Dad's smile almost broke me. "You're like your mom," he said. "She'd walk and think. You take after her." He looked so happy. If you can be happy and sad at the same time. That's how he looked when he talked about her.
I hated to lie to him. But I couldn't tell him I was stealing Dr Pepper bottles from Mrs. Franco. I couldn't. He thought I was some kind of altar boy. He never went a week without telling me I was good. Good? What's that? Sometimes I wanted to yell, "You don't know, Dad. You don't know these things." I wanted to yell that. It would have broken his heart.
Later, in bed, I held the red pack of Marlboros and studied it like I was going to be tested on what it looked like. I smelled the cigarettes through the cellophane--and it was then that I . . .
Excerpted from Sammy and Juliana in Hollywood by Benjamin Saenz Copyright © 2006 by Benjamin Saenz. Excerpted by permission.
All rights reserved. No part of this excerpt may be reproduced or reprinted without permission in writing from the publisher.
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Table of Contents
|Part 1.||The Way She Looked at Me||3|
|Part 2.||Pifas and Gigi and the Politics of Hollywood||53|
|Part 3.||Another Name for Exile||113|
|Part 4.||The Citizens of Hollywood Rise Up Against the System||173|
|Part 5.||Welcome to Hollywood||247|
Most Helpful Customer Reviews
Sáenz creates strong main and supporting characters long remembered after finishing the novel. Sammy’s voice was spot-on as a teen boy who grapples with the personal issues all teens do–friends, love, fears and hopes for the future–while also dealing with poverty, racism, and the Vietnam War era. Sáenz brilliantly mixes Spanish and English, local “neighborhood” issues with larger social issues like drug addiction and homophobia. While Sammy and Juliana are in love, as the book blurb states, this is not a traditional love story. Something tragic happens shortly into the novel that ends the love affair. I won’t spoil it, but the relationship was short-lived, and Sammy spends the rest of the novel dealing with this loss and many others. If you’re looking for something light-hearted with a happy ending, this one’s not for you. Sáenz left me feeling what it’s like to get pounded by life, as Sammy was and as many people are.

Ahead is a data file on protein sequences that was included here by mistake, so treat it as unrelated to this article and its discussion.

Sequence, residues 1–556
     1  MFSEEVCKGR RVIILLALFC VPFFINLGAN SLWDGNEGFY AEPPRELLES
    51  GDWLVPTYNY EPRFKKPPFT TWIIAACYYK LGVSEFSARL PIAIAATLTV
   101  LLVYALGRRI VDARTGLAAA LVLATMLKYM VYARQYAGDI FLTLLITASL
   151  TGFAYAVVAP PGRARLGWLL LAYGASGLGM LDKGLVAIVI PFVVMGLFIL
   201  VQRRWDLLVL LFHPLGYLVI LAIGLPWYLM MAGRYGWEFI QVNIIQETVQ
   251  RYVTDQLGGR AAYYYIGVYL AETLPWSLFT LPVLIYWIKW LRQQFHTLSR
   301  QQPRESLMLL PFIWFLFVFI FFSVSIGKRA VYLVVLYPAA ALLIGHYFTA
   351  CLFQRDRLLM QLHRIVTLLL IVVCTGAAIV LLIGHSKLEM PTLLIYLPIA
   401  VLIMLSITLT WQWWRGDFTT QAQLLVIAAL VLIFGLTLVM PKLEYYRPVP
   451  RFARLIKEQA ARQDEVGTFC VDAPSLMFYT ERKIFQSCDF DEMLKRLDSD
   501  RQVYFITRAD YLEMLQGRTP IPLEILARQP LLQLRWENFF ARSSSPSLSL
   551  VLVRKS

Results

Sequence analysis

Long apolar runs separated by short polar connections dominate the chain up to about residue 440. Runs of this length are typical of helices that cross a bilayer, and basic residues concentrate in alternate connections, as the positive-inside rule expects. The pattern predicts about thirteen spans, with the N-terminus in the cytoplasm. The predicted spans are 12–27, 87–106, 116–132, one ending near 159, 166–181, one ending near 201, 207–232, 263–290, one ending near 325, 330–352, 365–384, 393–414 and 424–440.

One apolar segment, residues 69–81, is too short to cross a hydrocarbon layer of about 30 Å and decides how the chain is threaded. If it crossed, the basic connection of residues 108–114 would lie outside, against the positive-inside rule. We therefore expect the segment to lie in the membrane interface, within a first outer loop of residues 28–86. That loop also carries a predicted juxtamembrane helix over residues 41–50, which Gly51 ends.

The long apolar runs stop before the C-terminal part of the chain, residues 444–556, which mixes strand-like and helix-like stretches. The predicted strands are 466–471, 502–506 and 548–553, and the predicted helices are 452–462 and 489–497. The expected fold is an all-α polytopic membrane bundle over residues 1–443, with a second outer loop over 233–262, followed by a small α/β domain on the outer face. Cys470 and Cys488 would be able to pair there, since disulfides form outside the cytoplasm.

The novel, Sammy and Juliana in Hollywood is a tale about a young man in high school, named Sammy Santos, who lived in a suburb at the edge of a small New Mexico town. He falls in love with an autonomous and stunning girl named Juliana. The story starts off as what would seem like a typical Romeo and Juliet, but before the reader knows it the story takes a turn for the better and for the worse. In an unfortunate event Juliana and her family was shot and killed by father, in anger at his wife. Such cases of domestic violence in the small town were not uncommon. With this tragic event, the struggles of Sammy Santos began. He became a typical teenager, getting involved in the drinking and drugs which were of easy access and typical in his community. The teenagers in their town seemed to be confined and unable to expand and fulfill their dreams. The Latinos/Hispanics were not given opportunities to expand, and as a result the children seemed to have given up on their dreams at a younger age. At this period in time the Vietnam War was also going on. One of Sammy¿s close friends was drafted into the war, and that served as a turning point in his life. He had just lost his love and now one of his best friends. True, his friend was just going to war and could possibly come back safe, but everyone in his town knew that people who went into the Vietnam War usually never returned. They repeatedly talked about fighting against the system, instead of supporting it but they knew that their mouths would have been shut by the violence. Is this the democracy that America speaks so greatly of? America claims to be a country that is a democracy of egalitarianism and freedom, but where was the equality and liberty for the less fortunate in poverty? If people had a strike to get their opinion or message across they were silenced by violence. Sammy¿s friend was unfortunately sent into war and it made him realize that there was more to life. Sammy wanted to pursue an education by going to college after high school. The story told of Sammy¿s life may have been fiction but the novel is historically accurate as the challenges in his life that he faced with such as racism, violence, and poverty were very much real. Hispanics have had to deal with many instances of racism, which still continue in present day. The rifts between two different cultures of Americans and the Hispanics have caused violence throughout the country. People need to understand to just put differences aside and live as a community. After all we¿re all here and it¿s only best that we come together and make this country a better place. If everyone was given the right to speak and have their voice heard, then America would be a much better place. I would definitely recommend this book to a friend. This novel deserves 4 out of 5 stars. This book gives a great insight into the lives of Hispanics and the daily challenges they¿ve had to face. Hopefully by reading this book, the reader will be presented with a new perspective and a better understanding of the different cultures that reside in America.